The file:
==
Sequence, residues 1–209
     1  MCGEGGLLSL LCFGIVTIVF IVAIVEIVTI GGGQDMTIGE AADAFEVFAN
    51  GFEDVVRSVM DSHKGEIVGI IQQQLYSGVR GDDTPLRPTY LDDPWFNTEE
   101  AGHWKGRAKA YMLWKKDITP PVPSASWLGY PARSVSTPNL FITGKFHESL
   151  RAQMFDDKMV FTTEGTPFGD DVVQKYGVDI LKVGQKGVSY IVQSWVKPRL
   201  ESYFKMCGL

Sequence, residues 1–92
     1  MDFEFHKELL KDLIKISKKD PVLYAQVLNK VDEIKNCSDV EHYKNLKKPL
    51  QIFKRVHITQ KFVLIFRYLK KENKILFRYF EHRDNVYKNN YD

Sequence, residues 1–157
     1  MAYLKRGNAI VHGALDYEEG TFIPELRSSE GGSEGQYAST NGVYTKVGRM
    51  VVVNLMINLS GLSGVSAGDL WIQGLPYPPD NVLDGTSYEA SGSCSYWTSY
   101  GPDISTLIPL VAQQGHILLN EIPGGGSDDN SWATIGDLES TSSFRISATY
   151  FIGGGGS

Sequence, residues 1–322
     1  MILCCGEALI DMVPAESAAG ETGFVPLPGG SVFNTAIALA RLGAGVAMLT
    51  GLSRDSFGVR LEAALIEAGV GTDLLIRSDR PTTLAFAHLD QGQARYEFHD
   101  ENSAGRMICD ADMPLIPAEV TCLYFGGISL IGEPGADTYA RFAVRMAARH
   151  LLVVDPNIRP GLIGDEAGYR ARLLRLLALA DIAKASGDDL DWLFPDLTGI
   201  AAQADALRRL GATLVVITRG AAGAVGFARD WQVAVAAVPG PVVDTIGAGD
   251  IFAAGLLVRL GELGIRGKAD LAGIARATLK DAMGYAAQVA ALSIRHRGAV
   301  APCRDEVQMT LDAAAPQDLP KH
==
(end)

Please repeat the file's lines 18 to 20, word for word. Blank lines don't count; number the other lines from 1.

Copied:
   101  ENSAGRMICD ADMPLIPAEV TCLYFGGISL IGEPGADTYA RFAVRMAARH
   151  LLVVDPNIRP GLIGDEAGYR ARLLRLLALA DIAKASGDDL DWLFPDLTGI
   201  AAQADALRRL GATLVVITRG AAGAVGFARD WQVAVAAVPG PVVDTIGAGD